BNPPRE forecast Dublin office rental growth to anchor market in 2016

Prime rents to increase but at an expected rate of 5% rather than the 22% seen last year

BNP Paribas Real Estate has forecast a slowdown in the pace of rental growth for Dublin’s prime office market in 2016 and 2017. The prediction comes after prime rents increased by 22 per cent last year, driven by a stronger than expected performance of the economy and the limited supply of top-end office space.

Joan Henry, head of research at BNP, said prime rents would continue to increase but at an expected rate of 5 per cent over this year.

Increases at this level would see rents settle at close to €620 per sq m (€57 per sq ft) by the end of 2016 with further modest increases of around 2.5 per cent expected in 2017.

“While there may be a small handful of deals done at rental levels stronger than the forecast €620 per sq m in 2016, for example a pre-let on new space on Molesworth Street or St Stephen’s Green, these stronger levels, if reached, are not expected to be representative of the rents that will be achieved across the other locations in the north and south docklands and the remainder of Dublin 2 and 4. The main reason for this is that the supply pipeline is expected to have delivered just over 200,000sq m of new and refurbished space by the end of 2016 with most of it in the central business district.”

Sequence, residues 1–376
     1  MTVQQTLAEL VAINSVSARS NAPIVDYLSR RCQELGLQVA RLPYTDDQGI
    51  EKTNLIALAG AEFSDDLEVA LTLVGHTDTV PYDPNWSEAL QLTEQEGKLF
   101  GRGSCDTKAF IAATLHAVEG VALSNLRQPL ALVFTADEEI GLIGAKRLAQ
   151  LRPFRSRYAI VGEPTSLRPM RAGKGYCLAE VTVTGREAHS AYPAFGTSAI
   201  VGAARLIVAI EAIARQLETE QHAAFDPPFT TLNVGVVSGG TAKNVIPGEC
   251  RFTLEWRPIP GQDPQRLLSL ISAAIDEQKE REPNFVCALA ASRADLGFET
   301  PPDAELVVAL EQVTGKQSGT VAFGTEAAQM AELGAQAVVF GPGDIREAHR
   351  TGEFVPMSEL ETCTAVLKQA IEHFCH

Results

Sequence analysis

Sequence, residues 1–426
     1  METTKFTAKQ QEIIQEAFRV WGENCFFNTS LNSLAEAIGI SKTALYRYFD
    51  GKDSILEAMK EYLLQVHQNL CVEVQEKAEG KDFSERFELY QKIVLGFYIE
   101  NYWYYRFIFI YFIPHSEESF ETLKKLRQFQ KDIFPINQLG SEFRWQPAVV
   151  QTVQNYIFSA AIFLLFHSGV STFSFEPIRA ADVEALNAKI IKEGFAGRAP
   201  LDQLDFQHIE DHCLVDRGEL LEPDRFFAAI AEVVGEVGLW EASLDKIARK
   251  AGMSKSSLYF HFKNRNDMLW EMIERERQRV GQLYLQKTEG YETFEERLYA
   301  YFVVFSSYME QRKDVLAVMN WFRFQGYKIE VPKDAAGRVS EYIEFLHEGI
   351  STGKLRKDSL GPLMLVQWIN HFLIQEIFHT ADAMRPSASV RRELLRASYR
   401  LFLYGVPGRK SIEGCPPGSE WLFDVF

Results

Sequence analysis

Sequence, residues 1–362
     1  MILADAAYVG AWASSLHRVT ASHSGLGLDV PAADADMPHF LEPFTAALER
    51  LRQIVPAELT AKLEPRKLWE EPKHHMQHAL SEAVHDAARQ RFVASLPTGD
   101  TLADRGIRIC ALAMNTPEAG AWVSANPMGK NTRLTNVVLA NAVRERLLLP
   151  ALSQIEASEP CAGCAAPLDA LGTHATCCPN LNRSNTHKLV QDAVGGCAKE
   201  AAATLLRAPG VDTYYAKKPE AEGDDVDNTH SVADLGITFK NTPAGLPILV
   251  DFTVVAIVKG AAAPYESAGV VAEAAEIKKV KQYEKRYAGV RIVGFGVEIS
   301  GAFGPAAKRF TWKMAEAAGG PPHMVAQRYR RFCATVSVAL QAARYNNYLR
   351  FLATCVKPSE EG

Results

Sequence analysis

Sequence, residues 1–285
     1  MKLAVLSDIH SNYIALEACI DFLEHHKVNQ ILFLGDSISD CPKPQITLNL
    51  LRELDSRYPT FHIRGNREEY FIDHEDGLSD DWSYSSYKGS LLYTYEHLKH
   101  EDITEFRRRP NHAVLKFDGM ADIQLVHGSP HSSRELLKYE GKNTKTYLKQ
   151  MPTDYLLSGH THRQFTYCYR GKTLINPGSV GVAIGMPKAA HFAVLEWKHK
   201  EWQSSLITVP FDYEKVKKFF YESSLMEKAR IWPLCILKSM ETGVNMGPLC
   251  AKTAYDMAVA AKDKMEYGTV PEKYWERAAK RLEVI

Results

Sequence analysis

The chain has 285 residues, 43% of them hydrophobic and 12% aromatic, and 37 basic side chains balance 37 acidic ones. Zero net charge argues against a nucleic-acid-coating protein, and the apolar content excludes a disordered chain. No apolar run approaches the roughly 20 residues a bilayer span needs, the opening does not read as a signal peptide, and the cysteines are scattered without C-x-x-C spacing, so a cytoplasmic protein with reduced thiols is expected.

Rapid pace

Meanwhile, Declan O’Reilly, who handles office lettings for agents

Knight Frank

, has dismissed reports that there is a danger of an over-supply of new office space in the Dublin market.

He said the rapid pace of job creation had led to a shortage of space in Dublin and effectively the doubling in rents from a low of €28 to €55 per sq ft. While the industry was initially slow to cater to this emerging demand a number of new developments were now under way. Knight Frank had established that this was not the case and that the quantum of space to be delivered would be insufficient to cater for the projected growth in employment.

O’Reilly estimated that while there would be a need for 2 million sq ft annually between 2016 and 2018 the actual supply would be around 1.5 million sq ft in each of those years.

Jack Fagan

Jack Fagan

Jack Fagan is the former commercial-property editor of The Irish Times